Marine Protected Areas Prove To Be Vital Aspect Of Green Turtle Sustainability
Ryan Parson for RedOrbit.com
Some sea turtles appear to be reaping the benefits of government designated areas of bodies of water, known as Marine Protected Areas (MPAs).
A recent study published in the journal Global Ecology and Biogeography suggests that the MPAs are playing a key role in the support and nourishment of the Green turtle.
According to the National Marine Fisheries Service, all six species of sea turtles that inhabit US waters are currently listed under the Endangered Species Act. Many dangers pose a threat to the survival of the sea turtle population. For years, sea turtles have been poached for their meat and extravagant shells. They also have fallen victim as by catch to commercial fishing boats such as long-liners and shrimp trawlers. Even with the required Turtle Exclusion Devices (TEDs) in place, as required by the federal government, many sea turtles are still killed each year by these fishing methods. They also become entangled and ultimately drown in nets and other fishing gear.
MPAs are designated areas of water that are protected and regulated by governments and other enforcing agencies. These areas have been used for many of years to aid in resource management. The first MPA was set in 1975 off the coast of North Carolina to protect a Civil War ship that sank in 1862. Most MPAs are placed for scientific reasons to help manage and maintain the ecosystem and other marine resources.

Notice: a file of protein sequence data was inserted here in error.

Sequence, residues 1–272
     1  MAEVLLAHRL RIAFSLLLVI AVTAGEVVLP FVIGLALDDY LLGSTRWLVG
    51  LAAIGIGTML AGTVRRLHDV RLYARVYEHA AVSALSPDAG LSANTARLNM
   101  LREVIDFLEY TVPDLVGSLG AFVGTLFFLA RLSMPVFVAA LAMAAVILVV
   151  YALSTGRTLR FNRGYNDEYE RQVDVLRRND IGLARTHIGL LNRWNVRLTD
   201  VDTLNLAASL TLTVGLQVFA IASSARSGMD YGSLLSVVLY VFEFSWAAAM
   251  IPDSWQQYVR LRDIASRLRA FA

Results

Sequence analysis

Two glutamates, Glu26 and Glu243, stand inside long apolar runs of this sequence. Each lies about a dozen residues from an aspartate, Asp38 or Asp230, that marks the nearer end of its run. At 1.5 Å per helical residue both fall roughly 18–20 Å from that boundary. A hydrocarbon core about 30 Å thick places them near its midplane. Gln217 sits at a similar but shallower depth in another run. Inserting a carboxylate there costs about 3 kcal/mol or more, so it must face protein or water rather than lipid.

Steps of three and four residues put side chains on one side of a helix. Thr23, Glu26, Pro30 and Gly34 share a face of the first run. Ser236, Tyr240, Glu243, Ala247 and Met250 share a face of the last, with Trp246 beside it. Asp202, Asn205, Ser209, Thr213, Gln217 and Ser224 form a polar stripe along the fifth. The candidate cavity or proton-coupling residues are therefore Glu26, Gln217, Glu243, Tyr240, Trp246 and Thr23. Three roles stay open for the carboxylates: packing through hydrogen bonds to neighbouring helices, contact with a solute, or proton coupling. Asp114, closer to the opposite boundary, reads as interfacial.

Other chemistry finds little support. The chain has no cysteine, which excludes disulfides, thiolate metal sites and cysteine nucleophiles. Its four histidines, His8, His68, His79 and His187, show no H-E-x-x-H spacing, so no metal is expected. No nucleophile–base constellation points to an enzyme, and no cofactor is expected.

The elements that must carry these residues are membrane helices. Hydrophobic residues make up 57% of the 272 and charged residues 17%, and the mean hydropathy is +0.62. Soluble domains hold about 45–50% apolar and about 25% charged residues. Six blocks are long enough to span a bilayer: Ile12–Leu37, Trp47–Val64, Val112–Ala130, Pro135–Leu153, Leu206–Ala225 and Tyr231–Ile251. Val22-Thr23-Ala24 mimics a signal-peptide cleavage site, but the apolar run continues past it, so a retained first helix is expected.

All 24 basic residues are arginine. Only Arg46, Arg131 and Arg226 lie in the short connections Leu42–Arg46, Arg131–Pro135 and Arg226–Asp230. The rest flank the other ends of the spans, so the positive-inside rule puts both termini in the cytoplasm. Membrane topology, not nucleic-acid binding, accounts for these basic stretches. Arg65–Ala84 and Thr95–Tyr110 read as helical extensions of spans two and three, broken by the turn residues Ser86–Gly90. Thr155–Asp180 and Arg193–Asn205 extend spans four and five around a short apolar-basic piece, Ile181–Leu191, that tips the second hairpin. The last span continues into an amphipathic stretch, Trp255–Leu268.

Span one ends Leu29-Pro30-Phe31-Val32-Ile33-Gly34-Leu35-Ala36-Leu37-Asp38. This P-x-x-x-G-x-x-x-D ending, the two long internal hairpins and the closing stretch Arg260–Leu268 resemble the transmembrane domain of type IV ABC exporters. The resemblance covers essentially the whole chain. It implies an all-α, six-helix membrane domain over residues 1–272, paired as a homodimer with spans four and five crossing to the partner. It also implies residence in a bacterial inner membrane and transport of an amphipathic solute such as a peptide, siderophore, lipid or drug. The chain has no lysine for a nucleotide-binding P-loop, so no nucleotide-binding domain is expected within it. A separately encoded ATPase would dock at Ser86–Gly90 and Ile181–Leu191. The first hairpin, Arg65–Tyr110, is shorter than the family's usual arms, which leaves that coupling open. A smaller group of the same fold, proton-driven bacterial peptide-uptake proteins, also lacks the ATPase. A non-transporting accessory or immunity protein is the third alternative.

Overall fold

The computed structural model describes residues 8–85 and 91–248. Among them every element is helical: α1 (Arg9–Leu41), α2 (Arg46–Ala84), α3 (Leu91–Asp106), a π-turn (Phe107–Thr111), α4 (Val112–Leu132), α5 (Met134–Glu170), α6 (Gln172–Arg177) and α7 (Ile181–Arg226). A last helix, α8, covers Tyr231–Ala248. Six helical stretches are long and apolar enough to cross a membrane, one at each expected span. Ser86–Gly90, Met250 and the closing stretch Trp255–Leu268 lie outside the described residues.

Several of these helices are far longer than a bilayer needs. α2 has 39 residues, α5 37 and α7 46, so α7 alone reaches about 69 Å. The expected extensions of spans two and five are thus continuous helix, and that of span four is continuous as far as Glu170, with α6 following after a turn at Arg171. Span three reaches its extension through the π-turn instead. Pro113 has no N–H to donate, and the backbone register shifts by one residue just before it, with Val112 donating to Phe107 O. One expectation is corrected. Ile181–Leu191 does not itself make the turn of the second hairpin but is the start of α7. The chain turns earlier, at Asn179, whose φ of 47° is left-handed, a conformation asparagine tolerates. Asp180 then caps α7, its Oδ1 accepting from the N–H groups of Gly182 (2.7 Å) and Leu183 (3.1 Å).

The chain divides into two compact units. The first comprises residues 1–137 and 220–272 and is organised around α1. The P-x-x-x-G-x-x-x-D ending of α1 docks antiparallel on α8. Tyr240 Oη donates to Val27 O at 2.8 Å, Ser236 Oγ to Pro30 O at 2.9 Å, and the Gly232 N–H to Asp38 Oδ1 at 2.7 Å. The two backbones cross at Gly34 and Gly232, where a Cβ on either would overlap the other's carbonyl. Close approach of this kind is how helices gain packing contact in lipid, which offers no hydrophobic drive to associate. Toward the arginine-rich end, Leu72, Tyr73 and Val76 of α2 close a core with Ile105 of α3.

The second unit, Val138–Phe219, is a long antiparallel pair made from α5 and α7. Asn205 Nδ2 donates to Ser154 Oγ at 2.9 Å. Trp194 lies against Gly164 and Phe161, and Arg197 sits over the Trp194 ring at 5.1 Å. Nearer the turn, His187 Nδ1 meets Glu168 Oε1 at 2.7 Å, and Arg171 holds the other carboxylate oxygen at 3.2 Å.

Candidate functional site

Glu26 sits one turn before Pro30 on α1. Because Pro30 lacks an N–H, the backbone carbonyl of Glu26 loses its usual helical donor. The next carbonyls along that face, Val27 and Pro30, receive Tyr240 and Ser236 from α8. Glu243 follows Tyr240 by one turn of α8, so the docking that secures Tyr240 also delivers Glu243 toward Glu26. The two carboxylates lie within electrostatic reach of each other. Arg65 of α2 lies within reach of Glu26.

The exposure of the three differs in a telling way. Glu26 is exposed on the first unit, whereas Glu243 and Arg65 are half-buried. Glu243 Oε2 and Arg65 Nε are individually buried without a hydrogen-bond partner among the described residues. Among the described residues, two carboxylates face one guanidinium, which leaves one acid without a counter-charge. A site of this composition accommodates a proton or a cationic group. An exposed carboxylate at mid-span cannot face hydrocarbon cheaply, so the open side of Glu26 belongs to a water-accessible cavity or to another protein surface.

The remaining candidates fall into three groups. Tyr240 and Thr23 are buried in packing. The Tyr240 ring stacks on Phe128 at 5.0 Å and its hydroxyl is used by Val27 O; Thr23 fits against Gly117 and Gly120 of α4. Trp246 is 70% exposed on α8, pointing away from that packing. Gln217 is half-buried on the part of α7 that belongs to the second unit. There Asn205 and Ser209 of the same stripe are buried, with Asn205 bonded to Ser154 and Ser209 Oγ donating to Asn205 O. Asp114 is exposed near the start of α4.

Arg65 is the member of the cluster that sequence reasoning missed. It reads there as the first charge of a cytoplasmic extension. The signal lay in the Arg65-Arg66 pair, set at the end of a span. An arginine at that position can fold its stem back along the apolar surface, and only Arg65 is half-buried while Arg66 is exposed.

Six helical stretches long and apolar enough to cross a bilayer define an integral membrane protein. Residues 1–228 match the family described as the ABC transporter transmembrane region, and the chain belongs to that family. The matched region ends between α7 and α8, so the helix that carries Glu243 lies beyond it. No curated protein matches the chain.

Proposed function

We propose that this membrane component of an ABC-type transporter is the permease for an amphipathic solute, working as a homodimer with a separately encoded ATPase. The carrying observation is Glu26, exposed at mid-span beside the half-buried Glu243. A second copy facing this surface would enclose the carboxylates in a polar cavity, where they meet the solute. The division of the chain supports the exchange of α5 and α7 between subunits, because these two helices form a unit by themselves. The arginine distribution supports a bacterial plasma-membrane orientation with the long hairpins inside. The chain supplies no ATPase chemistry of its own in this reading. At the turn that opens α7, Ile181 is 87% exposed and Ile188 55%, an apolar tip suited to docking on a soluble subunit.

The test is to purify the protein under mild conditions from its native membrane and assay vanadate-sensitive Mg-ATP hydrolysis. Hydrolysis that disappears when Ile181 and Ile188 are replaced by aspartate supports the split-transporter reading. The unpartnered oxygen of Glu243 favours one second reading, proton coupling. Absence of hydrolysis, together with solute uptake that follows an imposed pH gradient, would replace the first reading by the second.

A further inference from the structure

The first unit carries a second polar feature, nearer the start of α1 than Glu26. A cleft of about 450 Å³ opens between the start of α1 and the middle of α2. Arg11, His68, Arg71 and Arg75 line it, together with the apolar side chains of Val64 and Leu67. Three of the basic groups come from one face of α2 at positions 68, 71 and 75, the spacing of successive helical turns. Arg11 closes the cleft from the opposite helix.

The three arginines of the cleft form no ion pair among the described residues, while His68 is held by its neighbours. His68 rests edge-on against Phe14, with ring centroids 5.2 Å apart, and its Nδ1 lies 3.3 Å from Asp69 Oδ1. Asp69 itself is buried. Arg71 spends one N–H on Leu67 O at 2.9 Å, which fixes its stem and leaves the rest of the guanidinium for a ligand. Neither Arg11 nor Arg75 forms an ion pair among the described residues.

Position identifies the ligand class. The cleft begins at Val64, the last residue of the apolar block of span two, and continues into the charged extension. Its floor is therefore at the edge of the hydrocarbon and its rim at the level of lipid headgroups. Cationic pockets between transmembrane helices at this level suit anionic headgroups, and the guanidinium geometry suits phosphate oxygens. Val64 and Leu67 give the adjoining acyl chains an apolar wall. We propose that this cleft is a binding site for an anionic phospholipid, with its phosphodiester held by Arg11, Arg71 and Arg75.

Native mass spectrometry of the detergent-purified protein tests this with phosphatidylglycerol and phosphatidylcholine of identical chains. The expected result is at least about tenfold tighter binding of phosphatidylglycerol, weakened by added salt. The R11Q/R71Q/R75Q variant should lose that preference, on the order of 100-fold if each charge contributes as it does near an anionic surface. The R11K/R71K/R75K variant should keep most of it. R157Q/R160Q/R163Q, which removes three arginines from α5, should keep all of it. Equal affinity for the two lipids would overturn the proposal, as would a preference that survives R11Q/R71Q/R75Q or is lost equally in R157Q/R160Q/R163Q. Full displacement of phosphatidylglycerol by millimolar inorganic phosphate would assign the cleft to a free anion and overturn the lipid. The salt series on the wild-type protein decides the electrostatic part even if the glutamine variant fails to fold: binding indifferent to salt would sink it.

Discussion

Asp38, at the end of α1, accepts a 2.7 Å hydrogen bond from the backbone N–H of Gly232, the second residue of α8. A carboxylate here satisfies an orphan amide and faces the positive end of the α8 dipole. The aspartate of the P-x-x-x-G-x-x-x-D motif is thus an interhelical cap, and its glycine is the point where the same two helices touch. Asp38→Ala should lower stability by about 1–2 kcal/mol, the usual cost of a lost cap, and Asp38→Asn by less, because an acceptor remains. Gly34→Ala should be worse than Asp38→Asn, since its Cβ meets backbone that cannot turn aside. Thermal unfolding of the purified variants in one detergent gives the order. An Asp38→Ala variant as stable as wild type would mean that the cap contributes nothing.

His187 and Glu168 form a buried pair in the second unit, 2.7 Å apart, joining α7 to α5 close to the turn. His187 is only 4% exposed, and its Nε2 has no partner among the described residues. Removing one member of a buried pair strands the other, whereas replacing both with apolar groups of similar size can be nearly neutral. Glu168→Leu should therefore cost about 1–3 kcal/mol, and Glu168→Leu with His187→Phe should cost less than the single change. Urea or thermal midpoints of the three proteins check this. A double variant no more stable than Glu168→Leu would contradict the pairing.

According to the National Marine Protected Areas Center website, the United States is executing a science-based national system of MPAs including the over 1600 MPAs nationwide that currently exist and make up about 40% of all US waters. The system will include areas across all levels of government to ensure the protection of vital habitats and resources. The areas vary in level of protection and also in the degree of restrictions placed on them. Less than 8% of all MPAs in the United States are considered “no-take” areas, meaning fishing or harvesting of any kind is not tolerated. These sanctuaries are utilized to protect spawning and nursery grounds for a variety of marine organisms. These “no-take” and other MPAs also serve to be used as research and monitoring zones for many scientific studies and data collection.
It is thought that many of the MPAs serve as feeding, breeding, and nesting habitats for a variety of species of sea turtles. One recent study has proven that this, in fact, is the case for the green turtle.
The green turtle is found globally in tropical to subtropical waters. They are an herbivorous species, eating primarily seaweed and algae. In 2004, the Marine Turtle Specialist Group (MTSG) of the International Union for Conservation of Nature (IUCN) classified the green turtle as globally endangered, stating that enormous population declines of the species have occurred worldwide over the past 150 years. This is thought to be primarily caused by the long-term harvesting of eggs, juveniles, and adult turtles.
This study, conducted by a team of researchers and scientists led by the University of Exeter, indicates that an extensive 35% of the world’s green turtle population was found feeding in these designated Marine Protected Areas.